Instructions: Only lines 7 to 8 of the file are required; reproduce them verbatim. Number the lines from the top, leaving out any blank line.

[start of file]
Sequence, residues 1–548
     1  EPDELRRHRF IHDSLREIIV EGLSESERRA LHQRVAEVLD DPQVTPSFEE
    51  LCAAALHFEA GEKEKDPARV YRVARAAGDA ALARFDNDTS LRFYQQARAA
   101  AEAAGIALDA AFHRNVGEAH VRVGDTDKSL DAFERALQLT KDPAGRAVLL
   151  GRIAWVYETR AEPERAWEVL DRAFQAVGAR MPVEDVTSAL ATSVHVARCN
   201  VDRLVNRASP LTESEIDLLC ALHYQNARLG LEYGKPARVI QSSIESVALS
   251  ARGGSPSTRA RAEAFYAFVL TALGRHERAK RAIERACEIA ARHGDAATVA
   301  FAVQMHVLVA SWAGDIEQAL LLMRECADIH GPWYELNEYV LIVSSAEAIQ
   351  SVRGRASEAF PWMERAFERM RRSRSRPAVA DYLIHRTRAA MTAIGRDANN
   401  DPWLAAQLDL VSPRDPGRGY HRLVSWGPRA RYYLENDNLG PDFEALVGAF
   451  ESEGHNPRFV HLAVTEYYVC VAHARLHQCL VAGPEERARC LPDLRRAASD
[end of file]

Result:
   251  ARGGSPSTRA RAEAFYAFVL TALGRHERAK RAIERACEIA ARHGDAATVA
   301  FAVQMHVLVA SWAGDIEQAL LLMRECADIH GPWYELNEYV LIVSSAEAIQ